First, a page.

Officials at Mesquite High School in Mesquite, Texas, have recalled their recently distributed school yearbooks after it was discovered the books described some students with special needs as "mentally retarded," KDFW-TV reports.
"Some of the disabilities the students in the Special Education Program have are being blind, deaf or non-verbal," school spokeswoman Laura Jobe told the station, describing the offending language.
According to KDFW, school officials confiscated the yearbooks after parents and students objected to the language and called it "appalling and disgraceful."
“There was an oversight in the editing approval process,” Jobe told the Dallas Morning News. “Those who work inside the special education department know these requirements.”
Jobe told KDFW the school "earnestly regrets" the error, and that students should be getting their yearbooks back next week, though without the pages including the language.
Mesquite High School's principal also plans to call the parents of the special needs students to apologize, and Jobe told the Dallas Morning News the district would never condone using the term "mentally retarded."
The “Spread the Word to End the Word” campaign, which is sponsored by the Special Olympics, has made it their mission to eliminate the use of the "r-word" in schools and everyday life.
On the group's website, Special Olympics athlete Karleigh Jones explains why the word is "old-fashioned" and offensive:
“The word retard is considered hate speech because it offends people with intellectual and developmental disabilities as well as the people that care for and support them. It alienates and excludes them. It also emphasizes the negative stereotypes surrounding people with intellectual and developmental disabilities; the common belief that people with intellectual and developmental disabilities should be segregated, hidden away from society, which, in my opinion, is really old fashioned.”
Other controversial school-related documents from around the country:
In January 2012, parents of students at Beaver Ridge Elementary School in Norcross, Ga. expressed outrage over the school district's response to reports of using examples of slavery in math word problems. The word problems in questions include references to slavery and "beatings."
In March 2012, students at another Georgia school were given a math problem that referenced slavery, upsetting students and parents. Nearly 140 fourth grade students at James A. Jackson Elementary School contained an extra-credit question that read, "A plantation owner had 100 slaves. If three-fifths of them are counted for representation, how many slaves will be counted?"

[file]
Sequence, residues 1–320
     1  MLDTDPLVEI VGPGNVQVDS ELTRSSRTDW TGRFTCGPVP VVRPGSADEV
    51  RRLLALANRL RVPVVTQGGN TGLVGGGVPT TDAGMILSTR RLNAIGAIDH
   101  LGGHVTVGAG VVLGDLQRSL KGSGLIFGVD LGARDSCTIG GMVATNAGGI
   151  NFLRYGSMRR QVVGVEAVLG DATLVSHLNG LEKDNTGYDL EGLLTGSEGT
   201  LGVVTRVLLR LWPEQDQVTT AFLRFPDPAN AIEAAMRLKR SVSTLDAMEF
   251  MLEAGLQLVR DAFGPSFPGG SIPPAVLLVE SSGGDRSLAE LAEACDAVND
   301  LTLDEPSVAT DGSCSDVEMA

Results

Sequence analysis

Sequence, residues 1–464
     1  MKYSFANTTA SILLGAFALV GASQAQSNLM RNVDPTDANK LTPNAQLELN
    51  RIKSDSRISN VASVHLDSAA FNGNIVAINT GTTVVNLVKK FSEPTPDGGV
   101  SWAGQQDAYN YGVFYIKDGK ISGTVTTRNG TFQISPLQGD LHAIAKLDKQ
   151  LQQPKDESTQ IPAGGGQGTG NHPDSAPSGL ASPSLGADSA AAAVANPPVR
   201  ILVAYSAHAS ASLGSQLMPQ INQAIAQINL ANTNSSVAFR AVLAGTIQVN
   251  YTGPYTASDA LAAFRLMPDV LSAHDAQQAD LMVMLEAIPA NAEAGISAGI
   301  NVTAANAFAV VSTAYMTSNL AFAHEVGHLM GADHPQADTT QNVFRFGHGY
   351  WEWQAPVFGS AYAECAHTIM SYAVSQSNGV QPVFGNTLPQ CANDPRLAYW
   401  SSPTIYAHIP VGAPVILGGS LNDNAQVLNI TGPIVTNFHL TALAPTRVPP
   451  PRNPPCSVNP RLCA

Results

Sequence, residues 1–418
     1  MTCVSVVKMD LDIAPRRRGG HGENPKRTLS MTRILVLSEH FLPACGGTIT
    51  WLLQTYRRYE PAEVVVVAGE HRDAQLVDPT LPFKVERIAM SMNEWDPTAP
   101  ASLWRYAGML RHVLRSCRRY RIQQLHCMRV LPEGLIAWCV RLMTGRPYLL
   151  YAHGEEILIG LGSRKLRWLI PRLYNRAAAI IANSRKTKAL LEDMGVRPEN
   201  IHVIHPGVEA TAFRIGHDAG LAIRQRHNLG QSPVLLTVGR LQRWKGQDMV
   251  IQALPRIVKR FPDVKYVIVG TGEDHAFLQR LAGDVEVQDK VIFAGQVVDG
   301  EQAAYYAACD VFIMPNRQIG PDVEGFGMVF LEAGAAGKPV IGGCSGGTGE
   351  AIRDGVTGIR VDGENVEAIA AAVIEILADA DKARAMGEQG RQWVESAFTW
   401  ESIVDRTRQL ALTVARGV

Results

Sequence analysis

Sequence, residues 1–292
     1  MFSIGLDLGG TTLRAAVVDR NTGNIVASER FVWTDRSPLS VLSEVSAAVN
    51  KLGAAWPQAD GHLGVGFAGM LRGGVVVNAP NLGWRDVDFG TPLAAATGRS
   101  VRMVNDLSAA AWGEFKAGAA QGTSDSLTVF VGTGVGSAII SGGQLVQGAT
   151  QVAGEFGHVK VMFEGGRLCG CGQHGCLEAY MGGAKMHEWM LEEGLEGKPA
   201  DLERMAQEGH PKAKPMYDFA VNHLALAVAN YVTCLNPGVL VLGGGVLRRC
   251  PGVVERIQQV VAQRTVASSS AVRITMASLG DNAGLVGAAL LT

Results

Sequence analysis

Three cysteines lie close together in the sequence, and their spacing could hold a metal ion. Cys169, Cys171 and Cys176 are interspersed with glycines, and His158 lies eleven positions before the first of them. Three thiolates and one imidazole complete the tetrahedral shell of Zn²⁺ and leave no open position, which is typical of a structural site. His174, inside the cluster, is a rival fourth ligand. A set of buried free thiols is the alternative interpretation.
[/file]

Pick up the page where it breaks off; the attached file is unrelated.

In February 2012, Roosevelt High School in Des Moines, Iowa received criticism for a class assignment on the Cold War. Based on a worksheet handed out in a social studies class, many questioned whether the lesson promoted communism over capitalism, calling it "communist indoctrination."
A Washington, D.C. teacher was fired from Center City Public School's Trinidad campus in March 2012 for sending home violent, morbid and traumatizing math problems to third graders. Questions included story lines about baking humans in ovens and a child waking up screaming after thousands of fire ants made a nest in a human brain.
A teacher was suspended and handed disciplinary action in March 2012 for a question she wrote on a vocabulary quiz that some argued was racist. When district officials reviewed the test in context, however, the charges against her were rescinded.
Sawgrass Elementary School in Sunrise, Fla. made the news in April 2012 when a second grade student was included in a class photo despite not having turned in a parental consent form. Instead of retaking the photo, the photographer resolved to paste a brown-colored smiley face over the boy's face.
A letter sent home with students at Western Union Elementary School in North Carolina didn't sit well with parents in March 2012. The note asked students to wear "African American attire" or animal print for a Black History Month event, calling into question educators' choice of words and cultural sensitivity.
In April 2012, flyers with an image of Atlanta Public Schools Superintendent Erroll Davis in a Ku Klux Klan robe sparked controversy in the community. The bill was in response to a contentious school redistricting plan that would have closed several schools in a number of Atlanta's black neighborhoods.